It’s no secret that I’m a fan of Cillian Murphy, especially in his role as Tommy Shelby in Peaky Blinders, which explains why my thoughtful other half bought me a couple of earlier films in which Murphy had taken a lead role. We watched one of them last week, ‘The Wind That Shakes the Barley’.
Directed by Ken Loach, and set in Ireland in 1920, the film depicts the struggle of two brothers against the ‘Black and Tans’, a violent military unit sent by the British government to crush Ireland’s bid for independence. By God, crush they did.
I’m so accustomed to seeing Brits portrayed as ‘good guys’ and Irish with Republican or Loyalist views as terrorists that the story grabbed my attention from the first frame. The story rings with the grim truth that violence begets violence. How else could a decent man, Damien, (Cillian Murphy) a doctor, abandon a promising career, and ultimately the love of his life, for the cause in which he believes and that would inevitably put him on a collision course with his brother, Teddy?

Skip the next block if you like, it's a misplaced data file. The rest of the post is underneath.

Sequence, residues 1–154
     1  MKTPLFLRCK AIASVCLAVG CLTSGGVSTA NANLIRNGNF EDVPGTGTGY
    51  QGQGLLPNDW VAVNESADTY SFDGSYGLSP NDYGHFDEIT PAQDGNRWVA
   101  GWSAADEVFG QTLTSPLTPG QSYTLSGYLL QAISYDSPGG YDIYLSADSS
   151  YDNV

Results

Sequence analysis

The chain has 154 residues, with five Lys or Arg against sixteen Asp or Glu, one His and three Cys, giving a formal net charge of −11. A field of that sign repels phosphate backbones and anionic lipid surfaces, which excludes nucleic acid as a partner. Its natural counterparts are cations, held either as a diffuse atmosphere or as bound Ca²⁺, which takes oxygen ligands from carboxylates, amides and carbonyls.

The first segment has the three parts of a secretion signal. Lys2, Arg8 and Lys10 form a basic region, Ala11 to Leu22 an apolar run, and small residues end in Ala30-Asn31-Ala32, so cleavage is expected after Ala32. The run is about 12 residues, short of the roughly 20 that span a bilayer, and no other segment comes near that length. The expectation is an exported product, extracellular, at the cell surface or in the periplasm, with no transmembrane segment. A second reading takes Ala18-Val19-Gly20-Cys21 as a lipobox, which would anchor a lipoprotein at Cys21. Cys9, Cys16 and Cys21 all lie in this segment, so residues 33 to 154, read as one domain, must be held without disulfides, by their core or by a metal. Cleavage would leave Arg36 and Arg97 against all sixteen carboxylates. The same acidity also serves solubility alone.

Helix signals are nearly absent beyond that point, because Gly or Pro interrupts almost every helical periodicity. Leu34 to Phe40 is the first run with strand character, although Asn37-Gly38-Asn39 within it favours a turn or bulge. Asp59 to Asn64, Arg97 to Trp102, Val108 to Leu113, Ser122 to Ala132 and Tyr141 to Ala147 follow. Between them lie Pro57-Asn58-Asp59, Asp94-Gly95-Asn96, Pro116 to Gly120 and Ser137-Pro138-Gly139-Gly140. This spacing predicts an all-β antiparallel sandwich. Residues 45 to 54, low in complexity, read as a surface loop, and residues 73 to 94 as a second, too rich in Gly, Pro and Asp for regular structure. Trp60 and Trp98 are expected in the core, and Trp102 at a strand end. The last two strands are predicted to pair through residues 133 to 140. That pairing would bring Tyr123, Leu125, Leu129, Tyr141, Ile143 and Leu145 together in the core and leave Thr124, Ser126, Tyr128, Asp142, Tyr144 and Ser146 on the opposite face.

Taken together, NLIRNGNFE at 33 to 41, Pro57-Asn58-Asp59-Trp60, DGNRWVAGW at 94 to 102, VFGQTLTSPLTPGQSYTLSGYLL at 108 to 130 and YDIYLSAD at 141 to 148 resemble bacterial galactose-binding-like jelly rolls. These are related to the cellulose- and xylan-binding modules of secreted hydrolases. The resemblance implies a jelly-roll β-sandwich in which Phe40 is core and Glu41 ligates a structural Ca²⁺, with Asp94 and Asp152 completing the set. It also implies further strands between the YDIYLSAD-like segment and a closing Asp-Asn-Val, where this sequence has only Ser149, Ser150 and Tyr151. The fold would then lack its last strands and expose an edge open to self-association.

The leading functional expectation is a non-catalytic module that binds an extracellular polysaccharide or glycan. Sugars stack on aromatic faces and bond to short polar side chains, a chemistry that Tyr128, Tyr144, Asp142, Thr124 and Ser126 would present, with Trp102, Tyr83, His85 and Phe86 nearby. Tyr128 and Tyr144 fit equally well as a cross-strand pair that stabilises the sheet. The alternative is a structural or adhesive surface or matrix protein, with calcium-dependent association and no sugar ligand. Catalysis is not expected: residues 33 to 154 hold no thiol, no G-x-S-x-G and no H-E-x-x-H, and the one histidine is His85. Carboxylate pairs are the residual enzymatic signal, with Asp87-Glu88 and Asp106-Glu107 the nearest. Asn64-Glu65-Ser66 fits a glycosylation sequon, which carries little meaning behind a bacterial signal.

An intriguing aspect of the film is that Teddy (Padraic Delaney) starts out as the radical, who subverts his peaceful and law-abiding brother, only to fall in with a diplomatic solution offered by the British later. By this time, Damien has already seen and done too much. There is a pivotal point in the film when he is forced to shoot a young informer. It’s a gut-wrenching moment that pretty much destroys him.
If I had one criticism, a bit of judicious cutting and the inclusion of more scenes on camera to convey the disintegrating relationship between the two brothers and the tumble into sectarianism would have strengthened the storyline. I longed to see more clearly Teddy’s gradual change from radical to peacemaker and Damien’s ‘my way, or the high way’. This thought provoking, compelling and memorable film could have been a truly great one. Nevertheless it’s one to treasure, catch it if you can.